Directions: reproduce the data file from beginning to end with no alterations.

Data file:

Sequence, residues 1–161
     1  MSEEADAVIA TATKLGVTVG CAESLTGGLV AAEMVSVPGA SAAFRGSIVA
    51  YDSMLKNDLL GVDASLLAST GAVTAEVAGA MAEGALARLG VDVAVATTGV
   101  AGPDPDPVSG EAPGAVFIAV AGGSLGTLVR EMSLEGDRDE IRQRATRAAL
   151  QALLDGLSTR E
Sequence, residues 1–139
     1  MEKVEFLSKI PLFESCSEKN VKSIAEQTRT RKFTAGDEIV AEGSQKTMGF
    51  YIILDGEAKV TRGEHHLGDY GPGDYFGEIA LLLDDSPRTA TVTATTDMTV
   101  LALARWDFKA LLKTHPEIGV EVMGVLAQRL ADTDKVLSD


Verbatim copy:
Sequence, residues 1–161
     1  MSEEADAVIA TATKLGVTVG CAESLTGGLV AAEMVSVPGA SAAFRGSIVA
    51  YDSMLKNDLL GVDASLLAST GAVTAEVAGA MAEGALARLG VDVAVATTGV
   101  AGPDPDPVSG EAPGAVFIAV AGGSLGTLVR EMSLEGDRDE IRQRATRAAL
   151  QALLDGLSTR E
Sequence, residues 1–139
     1  MEKVEFLSKI PLFESCSEKN VKSIAEQTRT RKFTAGDEIV AEGSQKTMGF
    51  YIILDGEAKV TRGEHHLGDY GPGDYFGEIA LLLDDSPRTA TVTATTDMTV
   101  LALARWDFKA LLKTHPEIGV EVMGVLAQRL ADTDKVLSD